The script toys with how a completely contained, restricted group of people might forge a new society, combining shitty elements of the old one while thinking of new, shittier elements to incorporate. The establishment of a train-specific religion is fascinating, with its bizarre hand motions and hymns glorifying the train’s creator, Wilford (Ed Harris), because strange as it is it’s totally believable. Of course those in power would use religion to control their underlings, and we see it being passed on to children, to those who don’t remember anything before this train, so we understand that the next generation will take for granted that this is how things are, this is the system and this is their god, this engine that sustains them. The incorporation of religion is made as hilarious as it is unsettling in a brilliant scene set in the train’s school room, with Alison Pill fucking glowing in her brief role.

Beautifully shot and ably paced, the film makes an impact as much in its ludicrous plotting as it does in its pitch-perfect casting. Tilda Swinton shines, as ever, as the toothy spokesperson for Wilford, a slightly gender-ambiguous mouthpiece whose exaggerated features and Southern accent make for a funny, bizarre, and ruthless villain. Octavia Spencer, Jamie Bell, John Hurt, and Emma Levie effectively round out the supporting cast, and Chris Evans does his gruff leading-man thing well enough, catching the audience off-guard with a weird and terrible monologue at the end that sums up a lot about the character and his struggle. The real stars are of course father-and-daughter drug addicts Namgoong Minsoo and Yona, played by Bong Joon-ho favorites Song Kang-ho and Ko Ah-sung. Enlisted by Curtis because of their knowledge of the train’s security, they are along for the ride but not supportive of the rebellion. They look out for one another only, and Namgoong has a radically different idea for changing the status quo. They offer a more nuanced, complicated set of motivations and viewpoints in comparison to the fairly black-and-white positioning of the back of the train and the front. Song Kang-ho has become been one of my favorite actors, and he does not disappoint here, simultaneously hilarious and grizzly and tragic. I was glad they also found a way for him to speak in his native Korean, since that made his performance more natural.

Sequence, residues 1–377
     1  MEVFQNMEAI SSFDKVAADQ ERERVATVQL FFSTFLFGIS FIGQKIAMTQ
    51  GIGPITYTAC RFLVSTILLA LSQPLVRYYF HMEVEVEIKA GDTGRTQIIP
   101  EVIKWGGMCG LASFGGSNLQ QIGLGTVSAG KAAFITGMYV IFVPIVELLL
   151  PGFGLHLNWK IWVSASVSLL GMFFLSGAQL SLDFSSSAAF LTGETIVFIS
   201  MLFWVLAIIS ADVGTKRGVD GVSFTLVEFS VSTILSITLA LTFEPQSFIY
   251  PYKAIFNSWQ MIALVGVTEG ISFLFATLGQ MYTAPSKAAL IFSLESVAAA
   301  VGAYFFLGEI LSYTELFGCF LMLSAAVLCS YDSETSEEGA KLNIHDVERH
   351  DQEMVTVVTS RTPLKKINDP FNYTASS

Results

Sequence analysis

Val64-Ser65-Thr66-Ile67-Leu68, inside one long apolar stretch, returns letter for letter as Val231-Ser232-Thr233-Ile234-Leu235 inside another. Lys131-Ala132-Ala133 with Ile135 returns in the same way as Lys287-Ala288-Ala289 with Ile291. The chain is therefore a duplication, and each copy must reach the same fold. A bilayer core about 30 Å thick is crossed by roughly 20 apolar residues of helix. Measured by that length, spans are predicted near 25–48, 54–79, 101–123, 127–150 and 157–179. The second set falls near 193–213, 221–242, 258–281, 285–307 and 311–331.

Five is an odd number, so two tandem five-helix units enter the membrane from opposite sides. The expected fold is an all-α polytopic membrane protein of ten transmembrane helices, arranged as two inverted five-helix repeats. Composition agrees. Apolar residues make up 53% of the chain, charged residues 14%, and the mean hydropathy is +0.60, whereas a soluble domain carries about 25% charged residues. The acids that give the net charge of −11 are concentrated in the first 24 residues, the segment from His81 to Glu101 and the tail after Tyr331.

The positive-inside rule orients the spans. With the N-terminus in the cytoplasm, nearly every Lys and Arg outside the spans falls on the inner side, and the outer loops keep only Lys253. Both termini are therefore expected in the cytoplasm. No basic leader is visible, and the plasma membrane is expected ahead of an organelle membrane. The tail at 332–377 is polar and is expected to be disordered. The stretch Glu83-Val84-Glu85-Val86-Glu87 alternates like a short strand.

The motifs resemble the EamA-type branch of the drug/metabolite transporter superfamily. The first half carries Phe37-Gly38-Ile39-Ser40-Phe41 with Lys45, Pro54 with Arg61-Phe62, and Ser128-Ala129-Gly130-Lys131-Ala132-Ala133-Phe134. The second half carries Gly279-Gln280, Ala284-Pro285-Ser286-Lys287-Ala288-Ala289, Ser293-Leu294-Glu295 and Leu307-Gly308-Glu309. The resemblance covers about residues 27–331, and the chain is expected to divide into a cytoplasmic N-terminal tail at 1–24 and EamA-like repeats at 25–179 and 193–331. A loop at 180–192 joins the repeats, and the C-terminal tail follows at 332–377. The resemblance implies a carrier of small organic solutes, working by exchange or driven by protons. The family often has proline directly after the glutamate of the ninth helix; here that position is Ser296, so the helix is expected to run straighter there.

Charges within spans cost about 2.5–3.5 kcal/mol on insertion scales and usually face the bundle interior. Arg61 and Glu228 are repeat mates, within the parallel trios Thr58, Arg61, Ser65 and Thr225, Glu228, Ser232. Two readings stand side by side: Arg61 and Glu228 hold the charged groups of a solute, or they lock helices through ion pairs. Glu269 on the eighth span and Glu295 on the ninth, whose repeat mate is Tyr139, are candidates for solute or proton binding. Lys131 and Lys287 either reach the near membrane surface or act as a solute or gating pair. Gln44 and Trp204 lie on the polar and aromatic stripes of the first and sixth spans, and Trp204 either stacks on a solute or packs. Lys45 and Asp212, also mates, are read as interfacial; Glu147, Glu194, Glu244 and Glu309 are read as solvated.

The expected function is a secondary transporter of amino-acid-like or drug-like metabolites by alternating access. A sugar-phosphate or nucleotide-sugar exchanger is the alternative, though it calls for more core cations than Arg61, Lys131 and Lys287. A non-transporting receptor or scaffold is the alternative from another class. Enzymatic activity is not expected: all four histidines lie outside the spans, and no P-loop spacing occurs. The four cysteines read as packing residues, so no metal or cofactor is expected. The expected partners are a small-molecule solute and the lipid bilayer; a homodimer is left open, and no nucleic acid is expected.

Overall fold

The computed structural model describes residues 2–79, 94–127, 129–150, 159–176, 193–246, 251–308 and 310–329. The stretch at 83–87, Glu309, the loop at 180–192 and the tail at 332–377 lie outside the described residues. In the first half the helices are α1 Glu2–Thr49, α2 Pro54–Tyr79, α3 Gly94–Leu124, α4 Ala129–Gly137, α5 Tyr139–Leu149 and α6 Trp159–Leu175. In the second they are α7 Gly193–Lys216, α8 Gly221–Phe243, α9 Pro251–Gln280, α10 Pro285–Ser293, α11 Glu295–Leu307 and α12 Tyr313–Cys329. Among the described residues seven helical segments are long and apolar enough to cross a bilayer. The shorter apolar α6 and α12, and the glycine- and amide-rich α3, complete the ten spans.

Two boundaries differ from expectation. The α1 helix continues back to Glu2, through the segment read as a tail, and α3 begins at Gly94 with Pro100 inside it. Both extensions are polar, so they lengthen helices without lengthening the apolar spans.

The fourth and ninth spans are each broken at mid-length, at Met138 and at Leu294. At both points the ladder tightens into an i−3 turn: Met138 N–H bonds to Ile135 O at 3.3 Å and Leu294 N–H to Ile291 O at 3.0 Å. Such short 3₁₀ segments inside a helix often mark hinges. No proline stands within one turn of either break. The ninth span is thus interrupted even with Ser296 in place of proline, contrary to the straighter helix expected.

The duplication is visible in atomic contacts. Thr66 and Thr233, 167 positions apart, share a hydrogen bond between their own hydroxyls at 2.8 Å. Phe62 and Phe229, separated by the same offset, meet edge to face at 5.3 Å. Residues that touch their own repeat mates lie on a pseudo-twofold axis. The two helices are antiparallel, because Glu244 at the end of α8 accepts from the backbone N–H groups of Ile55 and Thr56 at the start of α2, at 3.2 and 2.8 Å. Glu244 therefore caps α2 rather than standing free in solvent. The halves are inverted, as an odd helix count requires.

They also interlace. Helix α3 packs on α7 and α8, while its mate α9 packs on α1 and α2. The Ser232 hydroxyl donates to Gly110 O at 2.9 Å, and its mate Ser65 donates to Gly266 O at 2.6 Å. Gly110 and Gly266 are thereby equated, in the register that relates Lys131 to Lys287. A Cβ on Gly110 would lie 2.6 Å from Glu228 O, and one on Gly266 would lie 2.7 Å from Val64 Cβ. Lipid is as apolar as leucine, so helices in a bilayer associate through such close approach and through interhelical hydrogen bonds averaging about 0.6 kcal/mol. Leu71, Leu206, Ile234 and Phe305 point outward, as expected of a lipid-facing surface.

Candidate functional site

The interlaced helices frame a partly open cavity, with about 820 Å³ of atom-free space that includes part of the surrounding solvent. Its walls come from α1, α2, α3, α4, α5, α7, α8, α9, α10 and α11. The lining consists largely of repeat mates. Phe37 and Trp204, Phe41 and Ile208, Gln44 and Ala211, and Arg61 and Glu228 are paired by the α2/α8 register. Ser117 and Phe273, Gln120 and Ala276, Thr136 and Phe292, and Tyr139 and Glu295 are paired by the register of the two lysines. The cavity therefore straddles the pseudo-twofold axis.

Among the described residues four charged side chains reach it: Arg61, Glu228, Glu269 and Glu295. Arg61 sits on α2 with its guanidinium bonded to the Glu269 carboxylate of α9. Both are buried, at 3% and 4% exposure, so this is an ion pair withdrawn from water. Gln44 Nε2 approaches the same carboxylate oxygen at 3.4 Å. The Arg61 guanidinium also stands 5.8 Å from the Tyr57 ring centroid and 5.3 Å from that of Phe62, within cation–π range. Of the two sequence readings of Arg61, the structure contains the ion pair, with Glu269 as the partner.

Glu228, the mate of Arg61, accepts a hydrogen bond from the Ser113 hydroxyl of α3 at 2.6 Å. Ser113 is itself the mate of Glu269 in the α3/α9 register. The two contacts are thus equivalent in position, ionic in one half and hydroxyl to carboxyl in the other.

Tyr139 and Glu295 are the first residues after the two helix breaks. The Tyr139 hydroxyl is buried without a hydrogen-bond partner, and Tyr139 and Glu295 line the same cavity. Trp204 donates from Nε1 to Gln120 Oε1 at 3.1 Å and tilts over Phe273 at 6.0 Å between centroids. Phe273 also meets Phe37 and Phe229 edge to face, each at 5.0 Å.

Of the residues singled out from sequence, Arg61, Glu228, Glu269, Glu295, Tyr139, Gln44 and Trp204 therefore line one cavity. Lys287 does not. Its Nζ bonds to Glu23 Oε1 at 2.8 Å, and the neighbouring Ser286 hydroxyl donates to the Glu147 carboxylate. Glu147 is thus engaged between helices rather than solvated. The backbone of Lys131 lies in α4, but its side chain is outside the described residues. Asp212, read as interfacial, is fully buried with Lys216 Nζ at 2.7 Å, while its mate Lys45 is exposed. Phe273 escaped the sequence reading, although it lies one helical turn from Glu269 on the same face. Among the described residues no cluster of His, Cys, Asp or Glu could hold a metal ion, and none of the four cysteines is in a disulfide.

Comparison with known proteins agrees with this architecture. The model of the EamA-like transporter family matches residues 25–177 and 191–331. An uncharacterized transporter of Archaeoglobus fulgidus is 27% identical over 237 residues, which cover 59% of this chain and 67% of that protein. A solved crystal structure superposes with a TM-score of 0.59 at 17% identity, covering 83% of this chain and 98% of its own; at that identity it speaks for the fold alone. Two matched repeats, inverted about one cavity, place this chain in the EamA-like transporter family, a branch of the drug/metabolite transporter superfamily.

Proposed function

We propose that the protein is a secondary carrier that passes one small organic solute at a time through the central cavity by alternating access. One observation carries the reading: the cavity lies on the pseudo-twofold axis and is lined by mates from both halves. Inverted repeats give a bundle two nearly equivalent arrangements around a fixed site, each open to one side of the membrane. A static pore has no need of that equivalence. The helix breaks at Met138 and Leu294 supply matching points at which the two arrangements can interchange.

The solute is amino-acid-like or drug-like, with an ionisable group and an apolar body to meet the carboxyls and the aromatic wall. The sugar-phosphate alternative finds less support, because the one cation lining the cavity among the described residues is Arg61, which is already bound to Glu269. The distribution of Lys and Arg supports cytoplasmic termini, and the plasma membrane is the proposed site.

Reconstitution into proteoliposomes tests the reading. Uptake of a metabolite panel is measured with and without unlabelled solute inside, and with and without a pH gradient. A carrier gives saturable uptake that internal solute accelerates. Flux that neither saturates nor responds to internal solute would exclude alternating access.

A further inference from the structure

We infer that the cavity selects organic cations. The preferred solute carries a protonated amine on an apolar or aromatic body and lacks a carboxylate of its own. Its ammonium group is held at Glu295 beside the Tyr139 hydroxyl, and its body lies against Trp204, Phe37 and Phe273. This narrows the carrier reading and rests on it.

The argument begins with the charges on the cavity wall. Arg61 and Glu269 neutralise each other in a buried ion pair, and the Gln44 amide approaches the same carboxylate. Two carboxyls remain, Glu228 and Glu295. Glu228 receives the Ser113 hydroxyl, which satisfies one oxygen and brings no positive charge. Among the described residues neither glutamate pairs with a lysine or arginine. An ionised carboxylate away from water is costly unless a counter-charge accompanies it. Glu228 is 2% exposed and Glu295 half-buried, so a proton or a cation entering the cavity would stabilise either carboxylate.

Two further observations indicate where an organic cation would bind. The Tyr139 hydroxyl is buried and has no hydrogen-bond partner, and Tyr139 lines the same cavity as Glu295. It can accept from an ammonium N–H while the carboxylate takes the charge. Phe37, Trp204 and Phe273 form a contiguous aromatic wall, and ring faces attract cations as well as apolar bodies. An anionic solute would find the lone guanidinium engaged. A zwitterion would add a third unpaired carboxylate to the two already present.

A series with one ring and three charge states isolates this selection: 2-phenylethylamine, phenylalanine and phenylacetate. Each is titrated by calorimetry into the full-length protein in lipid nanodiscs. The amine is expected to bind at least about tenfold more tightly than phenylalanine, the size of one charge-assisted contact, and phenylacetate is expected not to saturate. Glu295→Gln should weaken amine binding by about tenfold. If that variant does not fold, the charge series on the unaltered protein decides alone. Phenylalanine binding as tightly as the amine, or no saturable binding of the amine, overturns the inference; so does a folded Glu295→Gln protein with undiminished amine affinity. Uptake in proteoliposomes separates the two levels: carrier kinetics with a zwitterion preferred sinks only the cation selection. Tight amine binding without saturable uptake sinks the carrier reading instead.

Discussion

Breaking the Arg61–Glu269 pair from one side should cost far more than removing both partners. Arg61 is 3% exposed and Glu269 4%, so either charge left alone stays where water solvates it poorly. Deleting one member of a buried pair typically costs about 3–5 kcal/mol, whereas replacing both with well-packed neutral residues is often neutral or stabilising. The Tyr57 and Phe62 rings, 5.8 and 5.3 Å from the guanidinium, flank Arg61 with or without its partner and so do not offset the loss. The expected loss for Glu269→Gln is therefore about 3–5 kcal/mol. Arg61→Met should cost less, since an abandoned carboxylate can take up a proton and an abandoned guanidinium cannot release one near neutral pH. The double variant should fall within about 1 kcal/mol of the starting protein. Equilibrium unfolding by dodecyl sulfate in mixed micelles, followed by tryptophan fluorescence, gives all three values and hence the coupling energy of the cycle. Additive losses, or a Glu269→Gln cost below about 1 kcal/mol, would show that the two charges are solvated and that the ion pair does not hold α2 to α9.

I know that Snowpiercer is at times almost unforgivably ridiculous (like shots exchanged through the windows of a moving train when it went around a bend, what?), but it manages to strike an almost-perfect balance between over-the-top plot developments, compelling characters, apocalyptic pulp, wondrous technology, angsty melodrama, unexpected humor, and gripping action. I see its flaws but they don’t take away from my supreme enjoyment of the film overall. Also that brutal ending really did it for me.


Pair This Movie With: Surprisingly, nothing immediately springs to mind even though I’m sure I’ve seen enough films that would make good double features with this. My first instinct is to say another action-y Song Kang-ho movie? Can’t go wrong with The Host or The Good, The Bad, The Weird.